Honoring a healthy passion

The U honored alumna and Mpls. Health Commissioner Gretchen Musicant last week.

Commissioner of the Minneapolis Health Department Gretchen Musicant received the Gaylord W. Anderson Leadership Award from the University of Minnesota's School of Public Health earlier this month.

Commissioner of the Minneapolis Health Department Gretchen Musicant received the Gaylord W. Anderson Leadership Award from the University of Minnesota’s School of Public Health earlier this month.

Allison Kronberg

Behind Minneapolis Health Commissioner Gretchen Musicant’s unassuming, just-over 5-foot presence is a restless go-getter who has been a driving force behind Minnesota health for decades.

Musicant, an alumna of the University of Minnesota School of Nursing and the School of Public Health, received the Gaylord Anderson Leadership Award last week for her work on state and city public health issues.

Gaylord W. Anderson was the first Dean of the School of Public Health — the school’s most prestigious alumni award is named after him.

“Gretchen is a longtime public health advocate,” School of Public Health alumni relations director Tara Anderson said of the Minneapolis native. “I think she’s a wonderful leader and really knows how to build consensus and use collaboration to solve issues.”

Since getting her master’s degree in public health nursing in 1986, Musicant hasn’t stopped working for more than a couple of months, even during maternity leave.

But she hadn’t always aspired to work in public health.

Musicant received her first undergraduate degree in biology from St. Cloud State University and considered becoming a teacher. But after trying out a job in a nursing home, she learned health-focused jobs fueled her passion.

That passion has endured. In the past 30 years, Musicant has had a career that she describes as many “stumbles in the right direction.”

Many of her past jobs, which have ranged from pediatric nursing to lobbying for public health issues at the Capitol, sprang out of the ties she built in the community. Public health was where she fit, she said, because it incorporated society, politics and health in one job.

Musicant passed those passions on to her son Max Musicant, 30, who said he was knocking on people’s doors talking about health and local politics before he entered college.

“She is just like everyone else, but she has a responsibility to be more than that,” he said.

One of Gretchen Musicant’s first jobs was pediatric nursing at the University. Her patients intimately welcomed her into their lives, she said, whether it was to assess everyday symptoms or help a family overcome a child’s illness.

These days, she is welcomed into a much larger cultural and geographic community — the city of Minneapolis — to solve problems as a public official, speaker and listener.

Since she began as commissioner in 2005, Minneapolis teen pregnancy was reduced nearly in half in a five-year period, child violence dropped dramatically and lead poisoning fell by 80 percent since 2002. Her department has confronted a wide range of issues, including teen violence and environmental health disparities.

But it wasn’t a smooth road to the job, she said.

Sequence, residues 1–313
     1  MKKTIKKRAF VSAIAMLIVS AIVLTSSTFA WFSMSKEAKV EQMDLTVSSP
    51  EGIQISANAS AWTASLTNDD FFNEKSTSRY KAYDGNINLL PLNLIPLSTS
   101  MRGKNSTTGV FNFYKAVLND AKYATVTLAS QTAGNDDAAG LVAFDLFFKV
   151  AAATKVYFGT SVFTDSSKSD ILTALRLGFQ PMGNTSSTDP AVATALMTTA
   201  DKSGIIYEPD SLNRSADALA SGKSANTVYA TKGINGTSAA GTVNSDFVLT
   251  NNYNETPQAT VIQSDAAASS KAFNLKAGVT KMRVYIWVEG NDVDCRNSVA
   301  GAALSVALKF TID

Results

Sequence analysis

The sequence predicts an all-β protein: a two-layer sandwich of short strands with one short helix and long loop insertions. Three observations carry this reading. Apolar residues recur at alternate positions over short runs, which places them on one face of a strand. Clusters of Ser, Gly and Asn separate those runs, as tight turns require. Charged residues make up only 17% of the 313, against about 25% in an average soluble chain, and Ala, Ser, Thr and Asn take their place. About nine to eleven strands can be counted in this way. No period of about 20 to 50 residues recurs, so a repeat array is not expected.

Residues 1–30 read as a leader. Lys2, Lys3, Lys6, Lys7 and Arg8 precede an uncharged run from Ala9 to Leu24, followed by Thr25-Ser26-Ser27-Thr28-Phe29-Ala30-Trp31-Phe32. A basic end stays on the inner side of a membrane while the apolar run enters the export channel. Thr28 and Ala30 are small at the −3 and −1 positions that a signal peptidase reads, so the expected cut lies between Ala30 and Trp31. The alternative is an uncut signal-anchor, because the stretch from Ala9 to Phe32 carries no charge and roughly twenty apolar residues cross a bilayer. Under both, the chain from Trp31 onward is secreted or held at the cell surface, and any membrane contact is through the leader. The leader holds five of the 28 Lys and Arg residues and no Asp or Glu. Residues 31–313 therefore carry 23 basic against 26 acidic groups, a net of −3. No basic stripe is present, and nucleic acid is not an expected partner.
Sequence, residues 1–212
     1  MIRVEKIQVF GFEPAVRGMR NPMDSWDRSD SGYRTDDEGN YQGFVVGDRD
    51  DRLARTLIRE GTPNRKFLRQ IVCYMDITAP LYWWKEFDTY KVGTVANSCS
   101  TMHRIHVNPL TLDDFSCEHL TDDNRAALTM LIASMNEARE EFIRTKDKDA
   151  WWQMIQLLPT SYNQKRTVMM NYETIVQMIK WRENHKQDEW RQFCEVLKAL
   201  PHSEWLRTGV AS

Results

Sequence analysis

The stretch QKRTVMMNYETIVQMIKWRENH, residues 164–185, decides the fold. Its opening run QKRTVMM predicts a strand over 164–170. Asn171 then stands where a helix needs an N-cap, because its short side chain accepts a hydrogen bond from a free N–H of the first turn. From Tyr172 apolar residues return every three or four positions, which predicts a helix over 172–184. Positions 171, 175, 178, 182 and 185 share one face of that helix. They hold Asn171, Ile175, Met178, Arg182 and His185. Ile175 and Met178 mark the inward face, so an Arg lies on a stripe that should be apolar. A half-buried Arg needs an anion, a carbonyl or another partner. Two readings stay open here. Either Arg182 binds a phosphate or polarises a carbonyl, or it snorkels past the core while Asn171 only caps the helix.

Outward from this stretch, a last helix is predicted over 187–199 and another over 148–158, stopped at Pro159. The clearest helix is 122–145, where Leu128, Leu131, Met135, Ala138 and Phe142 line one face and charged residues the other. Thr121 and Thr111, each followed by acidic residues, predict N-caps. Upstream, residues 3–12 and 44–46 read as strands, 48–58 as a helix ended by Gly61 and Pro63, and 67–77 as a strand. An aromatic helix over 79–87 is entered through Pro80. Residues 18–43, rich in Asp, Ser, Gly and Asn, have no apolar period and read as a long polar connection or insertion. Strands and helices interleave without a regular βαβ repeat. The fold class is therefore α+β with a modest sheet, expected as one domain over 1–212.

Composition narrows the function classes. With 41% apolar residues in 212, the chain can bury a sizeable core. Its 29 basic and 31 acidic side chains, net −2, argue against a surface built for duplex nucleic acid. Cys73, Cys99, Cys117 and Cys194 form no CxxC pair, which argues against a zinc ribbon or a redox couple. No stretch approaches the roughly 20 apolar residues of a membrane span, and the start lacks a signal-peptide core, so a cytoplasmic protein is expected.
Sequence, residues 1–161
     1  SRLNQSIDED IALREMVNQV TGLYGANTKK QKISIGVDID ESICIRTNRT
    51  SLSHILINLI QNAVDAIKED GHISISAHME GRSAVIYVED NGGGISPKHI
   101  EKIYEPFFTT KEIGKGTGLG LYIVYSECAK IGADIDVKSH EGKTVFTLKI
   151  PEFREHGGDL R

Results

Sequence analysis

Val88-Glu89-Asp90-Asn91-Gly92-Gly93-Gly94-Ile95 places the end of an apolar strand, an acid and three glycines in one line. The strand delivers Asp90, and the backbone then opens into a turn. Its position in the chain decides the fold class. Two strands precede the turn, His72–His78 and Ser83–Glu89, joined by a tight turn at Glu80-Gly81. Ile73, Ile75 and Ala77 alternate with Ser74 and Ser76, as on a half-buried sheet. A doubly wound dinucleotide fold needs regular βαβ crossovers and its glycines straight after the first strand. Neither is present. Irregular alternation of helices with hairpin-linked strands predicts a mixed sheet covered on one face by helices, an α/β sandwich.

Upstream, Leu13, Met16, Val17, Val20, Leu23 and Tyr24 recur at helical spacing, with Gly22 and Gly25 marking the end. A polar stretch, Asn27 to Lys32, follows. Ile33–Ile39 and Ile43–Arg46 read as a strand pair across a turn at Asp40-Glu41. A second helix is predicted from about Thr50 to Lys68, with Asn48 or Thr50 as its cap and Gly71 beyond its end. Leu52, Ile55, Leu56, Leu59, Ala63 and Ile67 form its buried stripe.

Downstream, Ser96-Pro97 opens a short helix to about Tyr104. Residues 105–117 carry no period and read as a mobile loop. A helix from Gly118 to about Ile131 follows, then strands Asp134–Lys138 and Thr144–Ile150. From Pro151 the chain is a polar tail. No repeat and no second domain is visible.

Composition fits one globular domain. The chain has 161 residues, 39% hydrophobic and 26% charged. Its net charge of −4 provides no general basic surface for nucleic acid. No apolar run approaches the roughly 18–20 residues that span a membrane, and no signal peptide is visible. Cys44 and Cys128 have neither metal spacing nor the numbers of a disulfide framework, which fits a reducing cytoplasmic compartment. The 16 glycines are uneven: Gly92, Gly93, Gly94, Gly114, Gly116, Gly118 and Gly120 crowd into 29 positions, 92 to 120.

In 1999, Musicant’s husband died of kidney cancer after living with the disease for five years. She continued with her career but dedicated her efforts to parenting Max, who was 15 at the time.

“I think having someone die gives you a sense of the preciousness of each day, and if you want to accomplish things, you might as well try to do them right now,” she said. “I think it gave me, as a professional, kind of a special kind of urgency.”

Musicant’s coworkers agree that her professional determination is evident.

“Gretchen’s very forthright in her opinions,” said Minnesota Council of Health Plans director Janny Brust, who has served on different committees with Musicant for more than 20 years. “In my view, that’s a good thing because you know her opinion and then you can either agree or disagree.”

She has a unique ability, Brust said, to make public health issues understandable to everyone inside and out of the health community.

“I understand that processes are necessary sometimes to get people lined up and thinking in the same direction, and I believe in that, but I’m also anxious to get busy addressing pressing problems,” Musicant said.

Keeping her alma mater in mind

Musicant remains involved with the University long after her graduation.

“My education, both in the School of Nursing and the School of Public Health, has provided me with such strong foundations that as a student I didn’t fully recognize,” she said. “It gives me frames for almost everything I encounter.”

As a past School of Public Health alumna board chair, Musicant has worked on the school’s advisory committees, written grants with the school’s faculty and mentored students and interns.

In a recent mentoring experience, Brust said, Musicant helped a University graduate student present a complex health topic before a group of health officials.

Musicant treated the student more like a colleague, Brust said, and she offered several thumbs-ups and smiles during the presentation.

Anderson said many of the school’s students go on to work in administrative positions for the city and state department of health.

Students should be interested in their community’s role in health, Musicant said, because health is relative to everyone’s work.

“It’s more clear now than it has been for some time that so many things influence health,” she said, “and whether or not it’s your frame of reference, health is one way to measure how successful we are as a city.”